Crime stats a mixed bag

South Africa’s murder rate, one of the world’s highest, is down for the seventh time in eight years, but several other types of serious crime has escalated.
 Police Minister Nathi Mthetwa told reporters in Cape Town this afternoon the latest batch of crime statistics “are a call to action.”

“There are areas where we are making progress. There are other areas where we are lagging behind. We simply cannot tolerate a situation where people do not feel safe in their homes,” he said at Parliament.  
The Bloomberg news service reports murders in the year to March 2009 fell 3.4% to 37.2 per 100 000 people, or a total of 18 148.
There were 2.1 million incidents of serious crime, a marginal decline from the previous year.
The ruling African National Congress, which won a fourth consecutive five-year term in elections in April, identified the fight against crime and corruption as one of its top five priorities.
The government has set the police a target of reducing key categories of crime by between 7-10% a year and hired thousands more policemen ahead of the 2010 soccer World Cup.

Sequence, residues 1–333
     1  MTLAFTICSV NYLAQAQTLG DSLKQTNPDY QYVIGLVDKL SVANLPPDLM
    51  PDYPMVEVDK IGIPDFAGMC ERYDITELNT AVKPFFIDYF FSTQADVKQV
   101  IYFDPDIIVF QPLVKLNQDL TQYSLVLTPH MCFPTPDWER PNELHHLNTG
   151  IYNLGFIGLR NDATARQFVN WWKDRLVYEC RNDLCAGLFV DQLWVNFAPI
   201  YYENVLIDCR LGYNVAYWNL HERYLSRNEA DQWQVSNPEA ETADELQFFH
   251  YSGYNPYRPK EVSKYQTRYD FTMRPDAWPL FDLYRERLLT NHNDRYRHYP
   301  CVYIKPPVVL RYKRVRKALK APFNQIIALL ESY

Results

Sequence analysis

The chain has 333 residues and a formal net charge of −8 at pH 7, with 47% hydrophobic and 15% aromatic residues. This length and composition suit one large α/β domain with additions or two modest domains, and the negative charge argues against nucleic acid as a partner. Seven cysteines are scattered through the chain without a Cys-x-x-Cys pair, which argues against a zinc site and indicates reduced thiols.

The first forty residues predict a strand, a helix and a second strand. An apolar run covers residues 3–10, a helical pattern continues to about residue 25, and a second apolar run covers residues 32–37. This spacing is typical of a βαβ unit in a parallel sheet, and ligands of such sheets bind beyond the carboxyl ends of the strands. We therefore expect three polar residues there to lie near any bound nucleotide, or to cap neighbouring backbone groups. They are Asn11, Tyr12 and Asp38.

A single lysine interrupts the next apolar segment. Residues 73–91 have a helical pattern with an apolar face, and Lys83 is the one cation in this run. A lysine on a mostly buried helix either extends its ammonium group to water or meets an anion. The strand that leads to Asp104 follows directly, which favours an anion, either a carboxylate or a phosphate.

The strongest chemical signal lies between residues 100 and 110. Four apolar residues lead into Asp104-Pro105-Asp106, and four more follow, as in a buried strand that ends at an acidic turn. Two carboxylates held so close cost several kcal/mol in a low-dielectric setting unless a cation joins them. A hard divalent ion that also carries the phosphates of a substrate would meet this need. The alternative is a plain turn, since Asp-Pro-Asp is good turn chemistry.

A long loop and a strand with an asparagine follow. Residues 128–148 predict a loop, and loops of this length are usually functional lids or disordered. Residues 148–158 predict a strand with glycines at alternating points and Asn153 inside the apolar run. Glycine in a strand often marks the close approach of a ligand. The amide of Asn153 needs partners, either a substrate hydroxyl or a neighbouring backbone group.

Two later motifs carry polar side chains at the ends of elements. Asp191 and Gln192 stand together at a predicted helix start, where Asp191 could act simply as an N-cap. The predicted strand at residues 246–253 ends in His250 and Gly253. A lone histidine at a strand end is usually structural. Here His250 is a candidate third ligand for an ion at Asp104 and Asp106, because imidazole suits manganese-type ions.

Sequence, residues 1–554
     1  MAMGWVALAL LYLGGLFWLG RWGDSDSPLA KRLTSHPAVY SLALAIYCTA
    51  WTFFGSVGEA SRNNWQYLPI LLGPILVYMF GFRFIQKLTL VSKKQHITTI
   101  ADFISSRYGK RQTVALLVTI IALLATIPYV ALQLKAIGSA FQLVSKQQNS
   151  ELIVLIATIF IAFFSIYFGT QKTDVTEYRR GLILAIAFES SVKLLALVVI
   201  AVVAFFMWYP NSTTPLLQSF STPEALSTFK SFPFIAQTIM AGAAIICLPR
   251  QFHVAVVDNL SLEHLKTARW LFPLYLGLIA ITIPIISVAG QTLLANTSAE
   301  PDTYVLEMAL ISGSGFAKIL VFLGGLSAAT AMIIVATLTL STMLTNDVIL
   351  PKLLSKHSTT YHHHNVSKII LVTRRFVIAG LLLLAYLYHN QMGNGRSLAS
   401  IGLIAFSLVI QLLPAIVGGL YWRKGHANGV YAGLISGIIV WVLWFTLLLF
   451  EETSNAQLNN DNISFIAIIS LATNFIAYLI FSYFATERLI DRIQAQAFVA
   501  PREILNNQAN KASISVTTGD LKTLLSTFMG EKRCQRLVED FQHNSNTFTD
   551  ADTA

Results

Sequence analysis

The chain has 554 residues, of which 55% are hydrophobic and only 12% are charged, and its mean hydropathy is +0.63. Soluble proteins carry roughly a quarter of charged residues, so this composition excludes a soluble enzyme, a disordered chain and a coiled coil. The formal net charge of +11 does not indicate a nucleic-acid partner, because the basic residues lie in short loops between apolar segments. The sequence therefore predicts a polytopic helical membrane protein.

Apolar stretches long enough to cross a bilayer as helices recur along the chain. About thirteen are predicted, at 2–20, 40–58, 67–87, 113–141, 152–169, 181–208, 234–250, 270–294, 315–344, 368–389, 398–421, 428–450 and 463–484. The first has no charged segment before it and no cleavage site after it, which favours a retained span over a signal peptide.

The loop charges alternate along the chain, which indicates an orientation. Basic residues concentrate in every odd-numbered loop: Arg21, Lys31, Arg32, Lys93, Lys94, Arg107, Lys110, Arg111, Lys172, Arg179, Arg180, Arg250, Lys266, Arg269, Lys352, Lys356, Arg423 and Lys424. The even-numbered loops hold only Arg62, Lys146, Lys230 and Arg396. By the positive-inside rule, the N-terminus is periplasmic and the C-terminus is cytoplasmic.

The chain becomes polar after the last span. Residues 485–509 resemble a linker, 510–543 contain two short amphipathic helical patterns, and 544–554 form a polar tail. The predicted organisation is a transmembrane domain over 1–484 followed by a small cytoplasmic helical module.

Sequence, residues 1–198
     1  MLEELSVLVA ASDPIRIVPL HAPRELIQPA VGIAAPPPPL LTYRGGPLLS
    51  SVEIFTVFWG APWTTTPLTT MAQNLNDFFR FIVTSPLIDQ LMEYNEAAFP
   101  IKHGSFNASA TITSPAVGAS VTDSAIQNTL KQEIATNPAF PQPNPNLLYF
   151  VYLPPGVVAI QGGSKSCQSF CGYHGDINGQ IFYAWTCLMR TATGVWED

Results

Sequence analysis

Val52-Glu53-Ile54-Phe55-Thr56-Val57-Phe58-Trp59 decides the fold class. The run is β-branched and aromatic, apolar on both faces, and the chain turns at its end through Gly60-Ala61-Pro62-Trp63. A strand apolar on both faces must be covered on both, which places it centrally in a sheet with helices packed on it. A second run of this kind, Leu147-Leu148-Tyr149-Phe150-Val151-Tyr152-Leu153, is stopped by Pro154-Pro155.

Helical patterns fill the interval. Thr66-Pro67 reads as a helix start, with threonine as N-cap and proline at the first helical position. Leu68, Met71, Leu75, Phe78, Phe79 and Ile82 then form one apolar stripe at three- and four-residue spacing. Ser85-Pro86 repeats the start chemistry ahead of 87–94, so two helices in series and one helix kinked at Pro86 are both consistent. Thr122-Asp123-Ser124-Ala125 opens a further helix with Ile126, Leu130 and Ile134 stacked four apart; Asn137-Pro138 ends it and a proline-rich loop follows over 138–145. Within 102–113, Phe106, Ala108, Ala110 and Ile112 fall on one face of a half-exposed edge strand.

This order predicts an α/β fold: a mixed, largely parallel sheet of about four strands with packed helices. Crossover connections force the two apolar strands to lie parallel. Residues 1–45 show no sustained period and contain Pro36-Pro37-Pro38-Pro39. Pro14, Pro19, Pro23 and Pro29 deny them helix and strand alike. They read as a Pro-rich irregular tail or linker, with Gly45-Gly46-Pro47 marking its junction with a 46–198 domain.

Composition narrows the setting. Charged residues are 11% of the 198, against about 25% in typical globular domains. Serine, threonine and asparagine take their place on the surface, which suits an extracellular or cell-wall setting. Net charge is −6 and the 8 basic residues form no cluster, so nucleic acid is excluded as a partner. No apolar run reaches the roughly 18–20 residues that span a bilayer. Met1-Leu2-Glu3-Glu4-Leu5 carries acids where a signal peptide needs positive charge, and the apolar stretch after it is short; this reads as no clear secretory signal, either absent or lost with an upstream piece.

South Africa`s murder rate is about 6.6 times higher than in the US and 11.6 times higher than in the U.K. Singapore has the world`s lowest homicide rate, with 0.38 murders per 100,000 inhabitants.
South Africa`s murder rate has fallen 45% over the past four years, said Assistant Police Commissioner Chris de Kock. Fifty-four percent of those murdered were stabbed and 28% were shot.
The number of reported sexual offences rose 10.1% to 71,500, after police changed how they defined certain crime categories.
While the bank robbery rate fell by 29% and attacks on cash dispensers declined 10%, other business robberies surged 42%. Car hijackings increased 5% and truck hijackings rose 15%, while cash-in-transit heists fell 2.3%.
The increase in several categories of crime “are a serious cause for concern,” Dianne Kohler Barnard, a lawmaker for the opposition Democratic Alliance, said in an e-mail. “With the 2010 World Cup fast approaching, the usual rhetoric and empty promises must once and for all be brought to an end. We need more police and better training.”
She said the increase in business crime made it “little wonder that the World Economic Forum`s Global competitiveness report for 08/09 ranked South Africa as the worst place to do business because of crime.” .
Kohler Barnard added that the increase in sexual offences highlighted “just how devastating the … decision to disband the Family Violence, Sexual Offences and Child Protection units (FSC) was.
“That decision was taken for political purposes, and has come at a high cost to ordinary South Africans,” she said without elaborating.